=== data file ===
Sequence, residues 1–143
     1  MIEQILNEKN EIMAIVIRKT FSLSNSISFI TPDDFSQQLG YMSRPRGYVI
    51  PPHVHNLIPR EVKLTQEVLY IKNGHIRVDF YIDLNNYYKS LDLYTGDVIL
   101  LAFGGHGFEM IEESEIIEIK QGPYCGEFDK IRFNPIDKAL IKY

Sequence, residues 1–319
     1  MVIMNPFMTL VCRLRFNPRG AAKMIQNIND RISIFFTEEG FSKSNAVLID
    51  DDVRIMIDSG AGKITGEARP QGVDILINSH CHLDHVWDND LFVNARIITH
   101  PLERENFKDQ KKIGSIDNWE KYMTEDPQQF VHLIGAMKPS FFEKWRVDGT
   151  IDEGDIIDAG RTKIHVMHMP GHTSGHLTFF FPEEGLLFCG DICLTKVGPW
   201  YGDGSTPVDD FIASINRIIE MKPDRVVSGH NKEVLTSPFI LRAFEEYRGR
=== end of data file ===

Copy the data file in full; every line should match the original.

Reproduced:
Sequence, residues 1–143
     1  MIEQILNEKN EIMAIVIRKT FSLSNSISFI TPDDFSQQLG YMSRPRGYVI
    51  PPHVHNLIPR EVKLTQEVLY IKNGHIRVDF YIDLNNYYKS LDLYTGDVIL
   101  LAFGGHGFEM IEESEIIEIK QGPYCGEFDK IRFNPIDKAL IKY

Sequence, residues 1–319
     1  MVIMNPFMTL VCRLRFNPRG AAKMIQNIND RISIFFTEEG FSKSNAVLID
    51  DDVRIMIDSG AGKITGEARP QGVDILINSH CHLDHVWDND LFVNARIITH
   101  PLERENFKDQ KKIGSIDNWE KYMTEDPQQF VHLIGAMKPS FFEKWRVDGT
   151  IDEGDIIDAG RTKIHVMHMP GHTSGHLTFF FPEEGLLFCG DICLTKVGPW
   201  YGDGSTPVDD FIASINRIIE MKPDRVVSGH NKEVLTSPFI LRAFEEYRGR